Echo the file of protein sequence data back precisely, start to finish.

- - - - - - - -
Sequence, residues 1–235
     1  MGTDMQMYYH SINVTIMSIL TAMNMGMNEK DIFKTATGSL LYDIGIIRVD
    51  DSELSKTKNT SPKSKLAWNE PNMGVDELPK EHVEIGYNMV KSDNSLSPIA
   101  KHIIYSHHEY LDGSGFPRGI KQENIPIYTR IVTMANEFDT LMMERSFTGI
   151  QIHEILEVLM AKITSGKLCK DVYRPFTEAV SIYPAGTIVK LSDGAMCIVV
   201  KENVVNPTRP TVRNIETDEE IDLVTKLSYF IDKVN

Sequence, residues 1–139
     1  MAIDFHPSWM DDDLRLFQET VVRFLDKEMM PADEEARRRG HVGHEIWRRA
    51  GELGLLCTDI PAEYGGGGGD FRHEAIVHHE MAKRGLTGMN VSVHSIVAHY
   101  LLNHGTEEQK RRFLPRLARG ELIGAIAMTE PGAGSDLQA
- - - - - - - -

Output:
Sequence, residues 1–235
     1  MGTDMQMYYH SINVTIMSIL TAMNMGMNEK DIFKTATGSL LYDIGIIRVD
    51  DSELSKTKNT SPKSKLAWNE PNMGVDELPK EHVEIGYNMV KSDNSLSPIA
   101  KHIIYSHHEY LDGSGFPRGI KQENIPIYTR IVTMANEFDT LMMERSFTGI
   151  QIHEILEVLM AKITSGKLCK DVYRPFTEAV SIYPAGTIVK LSDGAMCIVV
   201  KENVVNPTRP TVRNIETDEE IDLVTKLSYF IDKVN

Sequence, residues 1–139
     1  MAIDFHPSWM DDDLRLFQET VVRFLDKEMM PADEEARRRG HVGHEIWRRA
    51  GELGLLCTDI PAEYGGGGGD FRHEAIVHHE MAKRGLTGMN VSVHSIVAHY
   101  LLNHGTEEQK RRFLPRLARG ELIGAIAMTE PGAGSDLQA